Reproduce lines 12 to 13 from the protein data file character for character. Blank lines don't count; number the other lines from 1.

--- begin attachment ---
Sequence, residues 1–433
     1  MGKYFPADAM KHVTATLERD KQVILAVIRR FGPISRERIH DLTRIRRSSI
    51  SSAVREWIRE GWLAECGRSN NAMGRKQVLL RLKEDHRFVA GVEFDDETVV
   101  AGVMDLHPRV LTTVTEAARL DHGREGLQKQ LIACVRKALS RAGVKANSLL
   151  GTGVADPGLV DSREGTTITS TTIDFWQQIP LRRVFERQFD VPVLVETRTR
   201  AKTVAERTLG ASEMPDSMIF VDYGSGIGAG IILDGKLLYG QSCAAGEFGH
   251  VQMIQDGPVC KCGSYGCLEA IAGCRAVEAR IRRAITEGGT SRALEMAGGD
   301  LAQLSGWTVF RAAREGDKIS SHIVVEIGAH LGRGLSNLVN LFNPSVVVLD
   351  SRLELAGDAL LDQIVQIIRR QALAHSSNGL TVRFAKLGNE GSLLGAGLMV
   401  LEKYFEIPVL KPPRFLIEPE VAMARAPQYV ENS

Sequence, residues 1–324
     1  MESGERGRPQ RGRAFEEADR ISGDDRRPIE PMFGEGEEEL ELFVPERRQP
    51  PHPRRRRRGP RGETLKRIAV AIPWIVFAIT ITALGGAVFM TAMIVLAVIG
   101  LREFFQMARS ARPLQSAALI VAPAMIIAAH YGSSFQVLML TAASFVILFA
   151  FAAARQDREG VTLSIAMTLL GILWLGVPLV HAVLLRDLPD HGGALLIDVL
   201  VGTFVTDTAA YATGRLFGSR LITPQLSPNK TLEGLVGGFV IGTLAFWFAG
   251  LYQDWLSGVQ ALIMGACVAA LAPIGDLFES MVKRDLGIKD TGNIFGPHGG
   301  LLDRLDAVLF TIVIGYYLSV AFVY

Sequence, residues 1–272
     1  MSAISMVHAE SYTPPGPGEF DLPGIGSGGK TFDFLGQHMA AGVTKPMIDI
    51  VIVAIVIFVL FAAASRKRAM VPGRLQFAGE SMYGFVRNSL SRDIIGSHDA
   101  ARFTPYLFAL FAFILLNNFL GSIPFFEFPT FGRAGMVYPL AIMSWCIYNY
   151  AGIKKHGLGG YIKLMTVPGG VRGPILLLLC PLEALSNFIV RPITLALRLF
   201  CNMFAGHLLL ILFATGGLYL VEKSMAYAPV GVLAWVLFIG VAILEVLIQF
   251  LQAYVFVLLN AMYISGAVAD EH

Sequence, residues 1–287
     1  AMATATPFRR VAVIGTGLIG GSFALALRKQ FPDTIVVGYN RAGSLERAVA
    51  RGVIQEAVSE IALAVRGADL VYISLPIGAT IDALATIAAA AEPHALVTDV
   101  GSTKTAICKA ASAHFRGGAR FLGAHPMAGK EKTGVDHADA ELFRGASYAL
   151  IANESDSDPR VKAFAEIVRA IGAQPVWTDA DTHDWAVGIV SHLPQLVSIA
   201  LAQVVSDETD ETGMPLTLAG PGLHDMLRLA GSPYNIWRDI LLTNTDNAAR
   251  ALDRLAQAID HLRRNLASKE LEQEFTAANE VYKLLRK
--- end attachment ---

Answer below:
     1  MESGERGRPQ RGRAFEEADR ISGDDRRPIE PMFGEGEEEL ELFVPERRQP
    51  PHPRRRRRGP RGETLKRIAV AIPWIVFAIT ITALGGAVFM TAMIVLAVIG